Mayor Nir Barkat investigating the Jerusalem Municipality's preparations ahead of the mid-December storm. (photo credit: Yonatan Sindel/Flash90)
Mayor Nir Barkat investigating the Jerusalem Municipality’s preparations ahead of the mid-December storm. (photo credit: Yonatan Sindel/Flash90)

City Hall scrambled on Saturday to clear Jerusalem’s main roads and highways of snow, but the sidewalks remained a treacherous mess of compacted ice several inches thick. (This reporter’s sore bottom will attest to the slickness of ice-coated Jerusalem stone pavement.) After another night with near-freezing temperatures, residents navigating the city’s streets on Sunday for the first time since Wednesday will face the perils of uncleared and unsafe sidewalks.

On Thursday night, the night air echoed with the sound of tree limbs snapping like matchsticks beneath the weight of the snow. Two nights later, central Jerusalem reverberated with the sound of chainsaws, wielded by tree crews hired by the municipality to clear away those fallen branches. According to Barkat, “almost every tree” in the city was damaged by the storm.

Around midnight I asked one of the laborers how much work he had cut out for him. He gave a sheepish shrug and mumbled something to the effect of “a lot.” And he could give no estimate of how long the cleanup project would take.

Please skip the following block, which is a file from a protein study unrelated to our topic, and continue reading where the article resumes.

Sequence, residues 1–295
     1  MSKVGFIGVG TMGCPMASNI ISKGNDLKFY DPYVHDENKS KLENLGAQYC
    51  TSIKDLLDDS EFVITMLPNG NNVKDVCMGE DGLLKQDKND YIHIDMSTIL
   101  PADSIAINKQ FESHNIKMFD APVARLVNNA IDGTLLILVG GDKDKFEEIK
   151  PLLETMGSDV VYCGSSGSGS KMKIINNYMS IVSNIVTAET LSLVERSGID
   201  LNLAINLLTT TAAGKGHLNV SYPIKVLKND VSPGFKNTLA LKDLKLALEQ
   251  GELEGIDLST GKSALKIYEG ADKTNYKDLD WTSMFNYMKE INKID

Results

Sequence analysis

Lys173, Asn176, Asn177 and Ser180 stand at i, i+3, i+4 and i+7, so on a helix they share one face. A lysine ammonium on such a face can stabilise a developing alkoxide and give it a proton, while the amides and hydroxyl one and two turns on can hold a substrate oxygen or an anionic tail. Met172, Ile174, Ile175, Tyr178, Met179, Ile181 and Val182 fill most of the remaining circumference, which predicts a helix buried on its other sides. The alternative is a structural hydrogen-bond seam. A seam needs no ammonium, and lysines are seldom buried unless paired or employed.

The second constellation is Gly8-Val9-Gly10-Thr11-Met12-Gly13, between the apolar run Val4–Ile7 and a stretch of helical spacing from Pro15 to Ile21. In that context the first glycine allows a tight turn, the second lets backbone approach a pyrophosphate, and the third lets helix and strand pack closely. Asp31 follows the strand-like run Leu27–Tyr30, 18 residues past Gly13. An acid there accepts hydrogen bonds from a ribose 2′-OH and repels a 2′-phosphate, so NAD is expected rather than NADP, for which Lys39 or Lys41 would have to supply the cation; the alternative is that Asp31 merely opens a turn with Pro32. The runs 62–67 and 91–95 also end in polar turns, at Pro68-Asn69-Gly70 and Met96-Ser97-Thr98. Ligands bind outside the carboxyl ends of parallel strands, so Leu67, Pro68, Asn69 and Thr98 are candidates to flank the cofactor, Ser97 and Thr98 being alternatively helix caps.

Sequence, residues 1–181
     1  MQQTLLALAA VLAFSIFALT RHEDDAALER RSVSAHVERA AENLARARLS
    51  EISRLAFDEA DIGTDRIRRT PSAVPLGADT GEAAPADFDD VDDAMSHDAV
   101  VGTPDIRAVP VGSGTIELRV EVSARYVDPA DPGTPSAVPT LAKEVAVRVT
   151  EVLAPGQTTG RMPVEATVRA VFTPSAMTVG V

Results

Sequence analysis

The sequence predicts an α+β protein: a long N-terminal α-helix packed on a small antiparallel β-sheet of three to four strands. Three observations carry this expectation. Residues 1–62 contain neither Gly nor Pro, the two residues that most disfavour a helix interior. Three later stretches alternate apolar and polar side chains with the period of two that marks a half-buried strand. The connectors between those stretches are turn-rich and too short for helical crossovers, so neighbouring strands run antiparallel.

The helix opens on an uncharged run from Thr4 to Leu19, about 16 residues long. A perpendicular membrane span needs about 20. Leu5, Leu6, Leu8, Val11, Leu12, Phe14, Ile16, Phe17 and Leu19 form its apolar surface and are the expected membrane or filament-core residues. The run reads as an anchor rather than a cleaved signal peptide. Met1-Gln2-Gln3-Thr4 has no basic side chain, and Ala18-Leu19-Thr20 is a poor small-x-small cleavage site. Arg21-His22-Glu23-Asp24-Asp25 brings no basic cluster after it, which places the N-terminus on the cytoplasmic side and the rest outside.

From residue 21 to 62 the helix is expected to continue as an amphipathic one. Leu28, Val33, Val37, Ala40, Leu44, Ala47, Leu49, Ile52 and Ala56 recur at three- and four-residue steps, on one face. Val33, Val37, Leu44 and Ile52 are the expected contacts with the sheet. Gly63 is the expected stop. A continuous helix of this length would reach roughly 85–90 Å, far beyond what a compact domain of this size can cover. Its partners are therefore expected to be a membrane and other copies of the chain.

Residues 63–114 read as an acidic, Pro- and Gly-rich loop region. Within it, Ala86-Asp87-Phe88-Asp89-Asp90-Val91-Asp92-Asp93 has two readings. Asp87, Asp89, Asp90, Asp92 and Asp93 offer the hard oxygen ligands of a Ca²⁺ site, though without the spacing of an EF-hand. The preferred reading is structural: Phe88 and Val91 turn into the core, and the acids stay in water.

Jerusalem's Shatz Street pedestrian mall covered in snow and downed tree limbs, Saturday night, December 14, 2013 (photo credit: Ilan Ben Zion/Times of Israel)
Jerusalem’s Shatz Street pedestrian mall covered in snow and downed tree limbs, Saturday night, December 14, 2013 (photo credit: Ilan Ben Zion/Times of Israel)

Scars of the brutal December storm will mark the city’s trees for years to come, but for the time being the pressing issue for thousands of Jerusalemites is the lack of electricity. As of Saturday night, thousands of residents were still without power — a consequence of tree limbs tearing down electrical wires across the city.